“A delightful read and gently illuminating memoir of some five years spent with Shi‘i women associated with a Muslim parochial school in southern California, The Language of Tears is a counter to the bad press we too often see about Muslims and Islam. . . . We get to know these Muslim women and girls as believers, devoted to family, and caring community members. We see how emotional intimacy with the Shi‘i saints and community ties with other women foster a sense of belonging and acceptance. The description of differences between the younger American-raised females and their elders is fascinating. The young can be ‘hip and cool, pious and punk,’ self-proclaimed feminists, and planning for both family and career in their futures. The book is an excellent introduction to Shi‘i Islam that is not pedantic or academic. The book also will appeal to the intelligent reader who wants to better understand this religion—so significant in the world today—as regular, religious insiders see and feel it.” – Mary Elaine Hegland, author of Days of Revolution: Political Struggle in an Iranian Village
“In examining women’s rituals in American Shi’ite Muslim communities, Bridget Blomfield has been able to connect what appear to be strictly religious rituals to contemporary politics; with immigrant issues including racism, sexism, and attitudes towards Muslims and Arabs in the post-9/11 context; with generational gap issues between immigrant parents and their children raised in North America; and with gender issues in a highly shari’ah-conscious community. At the same time, she has been able to access the textual and religious and normative understandings these particular communities have of their own theological and ritual discourses. The Language of Tears provides a rare glimpse into the lives, concerns, and world views of migrant communities caught in larger geopolitical currents.” – Zayn Kassam, Professor of Religious Studies, Pomona College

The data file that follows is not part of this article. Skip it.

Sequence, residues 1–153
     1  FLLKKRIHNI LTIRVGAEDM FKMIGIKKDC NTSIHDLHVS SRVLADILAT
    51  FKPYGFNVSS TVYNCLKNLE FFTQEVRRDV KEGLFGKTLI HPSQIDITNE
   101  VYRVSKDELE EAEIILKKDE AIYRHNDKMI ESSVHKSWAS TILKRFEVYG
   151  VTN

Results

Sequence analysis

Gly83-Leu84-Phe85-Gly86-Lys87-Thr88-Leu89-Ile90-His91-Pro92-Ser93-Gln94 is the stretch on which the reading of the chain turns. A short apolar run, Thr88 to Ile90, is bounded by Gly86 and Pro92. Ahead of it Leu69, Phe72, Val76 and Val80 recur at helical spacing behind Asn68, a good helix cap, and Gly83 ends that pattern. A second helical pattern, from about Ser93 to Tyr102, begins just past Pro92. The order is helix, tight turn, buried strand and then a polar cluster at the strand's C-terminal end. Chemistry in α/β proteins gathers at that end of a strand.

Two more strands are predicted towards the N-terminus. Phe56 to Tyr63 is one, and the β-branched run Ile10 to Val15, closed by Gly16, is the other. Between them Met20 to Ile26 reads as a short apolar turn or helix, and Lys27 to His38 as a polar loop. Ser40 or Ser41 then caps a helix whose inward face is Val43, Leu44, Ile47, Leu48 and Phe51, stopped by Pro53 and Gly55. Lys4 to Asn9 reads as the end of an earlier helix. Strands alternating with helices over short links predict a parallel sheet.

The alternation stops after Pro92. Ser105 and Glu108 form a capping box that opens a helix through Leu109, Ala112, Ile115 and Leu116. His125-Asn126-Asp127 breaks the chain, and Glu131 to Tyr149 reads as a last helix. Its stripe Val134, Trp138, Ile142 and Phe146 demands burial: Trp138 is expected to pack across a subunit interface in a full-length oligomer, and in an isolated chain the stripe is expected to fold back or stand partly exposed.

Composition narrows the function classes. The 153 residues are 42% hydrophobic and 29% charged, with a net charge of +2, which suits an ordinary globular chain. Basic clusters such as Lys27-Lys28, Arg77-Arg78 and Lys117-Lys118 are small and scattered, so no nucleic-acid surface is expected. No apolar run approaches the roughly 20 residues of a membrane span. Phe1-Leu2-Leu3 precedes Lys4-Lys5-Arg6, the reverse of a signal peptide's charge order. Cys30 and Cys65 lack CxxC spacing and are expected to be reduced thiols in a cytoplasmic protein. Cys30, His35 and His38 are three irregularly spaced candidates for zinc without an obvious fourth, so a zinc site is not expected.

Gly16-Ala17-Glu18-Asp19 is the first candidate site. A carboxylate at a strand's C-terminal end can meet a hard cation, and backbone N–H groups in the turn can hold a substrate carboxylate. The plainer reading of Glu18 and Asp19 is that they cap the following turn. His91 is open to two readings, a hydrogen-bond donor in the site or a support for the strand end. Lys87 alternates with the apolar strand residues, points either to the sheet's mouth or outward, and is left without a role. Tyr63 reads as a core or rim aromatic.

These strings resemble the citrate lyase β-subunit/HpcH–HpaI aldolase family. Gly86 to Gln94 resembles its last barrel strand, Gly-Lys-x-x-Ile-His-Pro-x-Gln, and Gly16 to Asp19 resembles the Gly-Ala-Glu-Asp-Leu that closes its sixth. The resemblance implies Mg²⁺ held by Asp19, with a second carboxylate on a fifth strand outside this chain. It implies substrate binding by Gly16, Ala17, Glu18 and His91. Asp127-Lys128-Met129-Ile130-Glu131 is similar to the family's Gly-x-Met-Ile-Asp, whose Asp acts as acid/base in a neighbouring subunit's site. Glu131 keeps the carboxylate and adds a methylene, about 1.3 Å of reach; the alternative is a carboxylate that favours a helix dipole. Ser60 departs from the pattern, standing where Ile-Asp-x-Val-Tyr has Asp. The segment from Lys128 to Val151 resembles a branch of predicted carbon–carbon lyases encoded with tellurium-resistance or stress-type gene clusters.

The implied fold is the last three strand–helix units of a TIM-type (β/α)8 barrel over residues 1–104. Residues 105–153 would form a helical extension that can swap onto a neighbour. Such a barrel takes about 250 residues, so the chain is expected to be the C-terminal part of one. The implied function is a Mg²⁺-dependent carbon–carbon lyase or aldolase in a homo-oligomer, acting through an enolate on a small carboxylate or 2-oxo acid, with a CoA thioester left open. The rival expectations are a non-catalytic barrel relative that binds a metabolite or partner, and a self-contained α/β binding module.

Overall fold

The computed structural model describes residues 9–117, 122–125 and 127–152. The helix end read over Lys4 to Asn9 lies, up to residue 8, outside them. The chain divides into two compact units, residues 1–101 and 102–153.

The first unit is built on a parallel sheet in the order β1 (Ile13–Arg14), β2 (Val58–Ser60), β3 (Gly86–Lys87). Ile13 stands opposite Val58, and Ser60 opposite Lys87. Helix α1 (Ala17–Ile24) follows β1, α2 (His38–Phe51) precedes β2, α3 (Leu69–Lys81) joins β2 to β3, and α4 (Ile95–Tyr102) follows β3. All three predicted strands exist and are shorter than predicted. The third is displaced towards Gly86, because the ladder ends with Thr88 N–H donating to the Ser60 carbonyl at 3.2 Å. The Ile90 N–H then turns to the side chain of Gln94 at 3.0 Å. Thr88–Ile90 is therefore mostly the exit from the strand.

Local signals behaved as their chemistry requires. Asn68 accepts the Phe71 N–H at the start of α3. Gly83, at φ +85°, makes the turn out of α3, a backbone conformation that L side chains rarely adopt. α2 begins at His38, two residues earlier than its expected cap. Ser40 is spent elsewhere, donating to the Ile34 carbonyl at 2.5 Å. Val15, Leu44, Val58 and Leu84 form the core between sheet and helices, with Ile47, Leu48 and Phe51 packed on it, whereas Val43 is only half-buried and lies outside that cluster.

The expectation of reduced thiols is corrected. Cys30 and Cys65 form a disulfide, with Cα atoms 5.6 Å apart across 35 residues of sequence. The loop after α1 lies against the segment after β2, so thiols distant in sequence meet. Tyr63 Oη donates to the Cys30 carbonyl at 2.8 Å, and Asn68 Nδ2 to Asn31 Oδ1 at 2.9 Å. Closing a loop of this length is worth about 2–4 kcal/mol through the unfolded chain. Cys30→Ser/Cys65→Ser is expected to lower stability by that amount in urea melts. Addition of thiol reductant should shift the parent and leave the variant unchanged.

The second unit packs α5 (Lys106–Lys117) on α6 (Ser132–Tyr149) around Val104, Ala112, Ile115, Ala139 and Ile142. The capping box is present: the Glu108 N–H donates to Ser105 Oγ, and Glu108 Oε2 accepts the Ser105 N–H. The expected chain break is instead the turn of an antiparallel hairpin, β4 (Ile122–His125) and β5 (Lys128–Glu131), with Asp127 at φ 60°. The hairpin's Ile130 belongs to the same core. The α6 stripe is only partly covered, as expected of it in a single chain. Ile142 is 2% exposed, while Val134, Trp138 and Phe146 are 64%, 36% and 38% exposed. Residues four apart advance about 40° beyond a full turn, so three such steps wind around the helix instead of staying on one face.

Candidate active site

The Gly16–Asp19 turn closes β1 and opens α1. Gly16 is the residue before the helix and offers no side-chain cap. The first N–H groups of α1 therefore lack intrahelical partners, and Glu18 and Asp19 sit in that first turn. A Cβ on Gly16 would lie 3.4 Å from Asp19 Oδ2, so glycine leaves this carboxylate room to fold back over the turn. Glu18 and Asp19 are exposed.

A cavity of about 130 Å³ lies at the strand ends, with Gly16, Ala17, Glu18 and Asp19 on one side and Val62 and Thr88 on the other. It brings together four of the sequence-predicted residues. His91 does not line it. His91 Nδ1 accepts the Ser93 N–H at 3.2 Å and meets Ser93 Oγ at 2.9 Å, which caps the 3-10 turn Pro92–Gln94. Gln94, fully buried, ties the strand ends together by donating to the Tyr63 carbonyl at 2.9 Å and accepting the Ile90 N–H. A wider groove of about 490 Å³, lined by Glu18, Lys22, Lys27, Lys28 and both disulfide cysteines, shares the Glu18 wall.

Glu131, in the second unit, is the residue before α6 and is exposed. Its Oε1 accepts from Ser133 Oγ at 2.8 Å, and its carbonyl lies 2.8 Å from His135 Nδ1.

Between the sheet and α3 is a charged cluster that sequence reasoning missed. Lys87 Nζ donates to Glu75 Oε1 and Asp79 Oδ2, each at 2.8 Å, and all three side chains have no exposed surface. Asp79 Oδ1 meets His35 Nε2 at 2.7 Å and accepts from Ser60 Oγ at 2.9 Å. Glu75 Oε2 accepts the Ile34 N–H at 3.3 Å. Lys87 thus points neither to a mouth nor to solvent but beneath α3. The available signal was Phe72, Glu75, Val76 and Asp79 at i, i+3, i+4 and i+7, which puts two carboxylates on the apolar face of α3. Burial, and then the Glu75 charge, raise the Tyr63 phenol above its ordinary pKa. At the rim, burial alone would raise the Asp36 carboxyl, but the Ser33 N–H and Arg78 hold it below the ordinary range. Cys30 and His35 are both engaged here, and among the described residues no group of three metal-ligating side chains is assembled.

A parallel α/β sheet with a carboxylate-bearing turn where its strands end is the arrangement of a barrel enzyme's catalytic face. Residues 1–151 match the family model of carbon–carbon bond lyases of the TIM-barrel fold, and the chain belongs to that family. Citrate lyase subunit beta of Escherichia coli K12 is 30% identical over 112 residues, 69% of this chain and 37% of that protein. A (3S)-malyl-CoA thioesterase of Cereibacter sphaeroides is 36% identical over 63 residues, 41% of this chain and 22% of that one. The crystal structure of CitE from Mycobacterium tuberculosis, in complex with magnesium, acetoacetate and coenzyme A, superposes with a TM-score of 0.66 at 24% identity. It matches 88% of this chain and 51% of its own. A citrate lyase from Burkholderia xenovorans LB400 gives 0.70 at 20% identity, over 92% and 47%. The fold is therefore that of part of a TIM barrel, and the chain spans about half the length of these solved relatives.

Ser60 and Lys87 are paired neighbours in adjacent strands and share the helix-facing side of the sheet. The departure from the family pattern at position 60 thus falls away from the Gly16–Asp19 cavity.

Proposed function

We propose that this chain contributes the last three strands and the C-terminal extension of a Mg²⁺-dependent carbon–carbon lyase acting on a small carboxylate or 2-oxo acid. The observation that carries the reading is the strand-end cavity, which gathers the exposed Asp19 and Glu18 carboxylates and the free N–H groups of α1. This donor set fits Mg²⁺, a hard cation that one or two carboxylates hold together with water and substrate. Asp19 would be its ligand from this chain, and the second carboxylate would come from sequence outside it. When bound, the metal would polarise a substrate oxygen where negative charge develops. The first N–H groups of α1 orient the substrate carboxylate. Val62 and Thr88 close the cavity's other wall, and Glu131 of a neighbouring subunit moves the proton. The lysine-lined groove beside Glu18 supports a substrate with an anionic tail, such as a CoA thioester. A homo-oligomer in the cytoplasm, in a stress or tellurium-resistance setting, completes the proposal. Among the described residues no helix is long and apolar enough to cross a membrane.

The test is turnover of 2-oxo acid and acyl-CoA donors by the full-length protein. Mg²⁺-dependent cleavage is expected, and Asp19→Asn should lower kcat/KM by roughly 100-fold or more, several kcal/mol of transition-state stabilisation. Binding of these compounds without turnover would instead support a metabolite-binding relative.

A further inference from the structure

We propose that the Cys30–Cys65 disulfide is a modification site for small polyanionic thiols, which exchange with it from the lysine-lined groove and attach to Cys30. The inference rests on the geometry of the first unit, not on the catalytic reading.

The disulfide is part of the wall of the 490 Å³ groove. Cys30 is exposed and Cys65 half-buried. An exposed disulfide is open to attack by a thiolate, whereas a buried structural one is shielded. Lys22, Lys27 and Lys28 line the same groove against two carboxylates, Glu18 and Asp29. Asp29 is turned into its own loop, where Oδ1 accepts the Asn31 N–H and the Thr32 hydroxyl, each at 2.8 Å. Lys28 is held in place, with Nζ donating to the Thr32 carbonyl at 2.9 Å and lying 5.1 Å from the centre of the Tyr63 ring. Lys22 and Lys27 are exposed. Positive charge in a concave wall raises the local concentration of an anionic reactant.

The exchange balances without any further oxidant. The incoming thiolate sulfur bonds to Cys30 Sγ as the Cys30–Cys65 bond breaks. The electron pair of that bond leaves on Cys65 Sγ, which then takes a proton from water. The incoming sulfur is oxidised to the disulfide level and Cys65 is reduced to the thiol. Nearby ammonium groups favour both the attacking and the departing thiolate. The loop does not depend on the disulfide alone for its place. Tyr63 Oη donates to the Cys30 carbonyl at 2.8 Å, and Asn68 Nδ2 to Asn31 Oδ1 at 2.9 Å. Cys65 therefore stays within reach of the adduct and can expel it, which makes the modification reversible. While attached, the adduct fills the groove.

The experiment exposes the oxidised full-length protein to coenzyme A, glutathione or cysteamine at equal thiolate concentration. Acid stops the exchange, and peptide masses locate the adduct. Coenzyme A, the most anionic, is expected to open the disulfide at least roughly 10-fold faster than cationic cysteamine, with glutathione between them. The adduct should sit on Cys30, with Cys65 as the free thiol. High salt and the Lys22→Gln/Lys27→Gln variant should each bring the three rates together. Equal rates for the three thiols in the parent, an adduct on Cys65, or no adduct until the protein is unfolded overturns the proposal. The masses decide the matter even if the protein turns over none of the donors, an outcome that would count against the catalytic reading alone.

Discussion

“Today, sadly, there is so much distrust and prejudice in Western societies about Muslims. In her very personal and heartfelt book, Bridget Blomfield takes us on a journey into the lives of Shi‘a women pursuing their faith in Southern California. The author’s unique gift is the depth to which she could set herself aside and allow herself to be guided, challenged, teased, and ultimately embraced by the women she came to study. This is a book about the pride, commitment, and humanity of these women and how the author gained their trust and was initiated into many of their most profound rituals.” – Richard Moss, M.D. author of The Black Butterfly and The Mandala of Being
“Dr. Blomfield provides an insider’s perspective of the symbols enacted and the rituals undertaken by Pakistani Shi’is both in their mosques and homes in America. As such, she is the first scholar to have entered and described the sacred space and mourning rituals of Pakistani Shi’i women in America. It should be mentioned that very few Western scholars have had access to these quarters. I find her discussion and analysis on rituals and their symbolic effects to be incisive and informative.” – Professor Liyakat Takim, McMaster University, Sharjah Chair in Global Islam.